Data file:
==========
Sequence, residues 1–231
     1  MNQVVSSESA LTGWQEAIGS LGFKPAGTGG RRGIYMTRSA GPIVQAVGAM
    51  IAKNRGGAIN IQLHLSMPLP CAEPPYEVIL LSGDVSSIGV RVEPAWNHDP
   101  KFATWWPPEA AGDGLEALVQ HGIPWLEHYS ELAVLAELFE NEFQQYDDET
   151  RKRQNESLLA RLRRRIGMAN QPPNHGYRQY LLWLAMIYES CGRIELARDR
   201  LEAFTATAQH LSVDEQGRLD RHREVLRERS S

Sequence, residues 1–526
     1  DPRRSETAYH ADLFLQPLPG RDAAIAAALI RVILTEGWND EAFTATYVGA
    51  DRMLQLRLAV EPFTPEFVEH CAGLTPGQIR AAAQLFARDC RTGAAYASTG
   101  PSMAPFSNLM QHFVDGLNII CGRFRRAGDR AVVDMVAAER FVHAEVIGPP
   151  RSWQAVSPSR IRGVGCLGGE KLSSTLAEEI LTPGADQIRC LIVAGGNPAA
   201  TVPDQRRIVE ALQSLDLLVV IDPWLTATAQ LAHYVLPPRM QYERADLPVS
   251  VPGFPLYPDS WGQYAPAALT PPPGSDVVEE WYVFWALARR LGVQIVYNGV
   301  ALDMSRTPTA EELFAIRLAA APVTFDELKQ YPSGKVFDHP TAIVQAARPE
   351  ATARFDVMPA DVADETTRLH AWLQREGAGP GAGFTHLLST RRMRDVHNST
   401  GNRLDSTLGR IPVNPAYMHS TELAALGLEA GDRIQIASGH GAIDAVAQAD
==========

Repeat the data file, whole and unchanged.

Sequence, residues 1–231
     1  MNQVVSSESA LTGWQEAIGS LGFKPAGTGG RRGIYMTRSA GPIVQAVGAM
    51  IAKNRGGAIN IQLHLSMPLP CAEPPYEVIL LSGDVSSIGV RVEPAWNHDP
   101  KFATWWPPEA AGDGLEALVQ HGIPWLEHYS ELAVLAELFE NEFQQYDDET
   151  RKRQNESLLA RLRRRIGMAN QPPNHGYRQY LLWLAMIYES CGRIELARDR
   201  LEAFTATAQH LSVDEQGRLD RHREVLRERS S

Sequence, residues 1–526
     1  DPRRSETAYH ADLFLQPLPG RDAAIAAALI RVILTEGWND EAFTATYVGA
    51  DRMLQLRLAV EPFTPEFVEH CAGLTPGQIR AAAQLFARDC RTGAAYASTG
   101  PSMAPFSNLM QHFVDGLNII CGRFRRAGDR AVVDMVAAER FVHAEVIGPP
   151  RSWQAVSPSR IRGVGCLGGE KLSSTLAEEI LTPGADQIRC LIVAGGNPAA
   201  TVPDQRRIVE ALQSLDLLVV IDPWLTATAQ LAHYVLPPRM QYERADLPVS
   251  VPGFPLYPDS WGQYAPAALT PPPGSDVVEE WYVFWALARR LGVQIVYNGV
   301  ALDMSRTPTA EELFAIRLAA APVTFDELKQ YPSGKVFDHP TAIVQAARPE
   351  ATARFDVMPA DVADETTRLH AWLQREGAGP GAGFTHLLST RRMRDVHNST
   401  GNRLDSTLGR IPVNPAYMHS TELAALGLEA GDRIQIASGH GAIDAVAQAD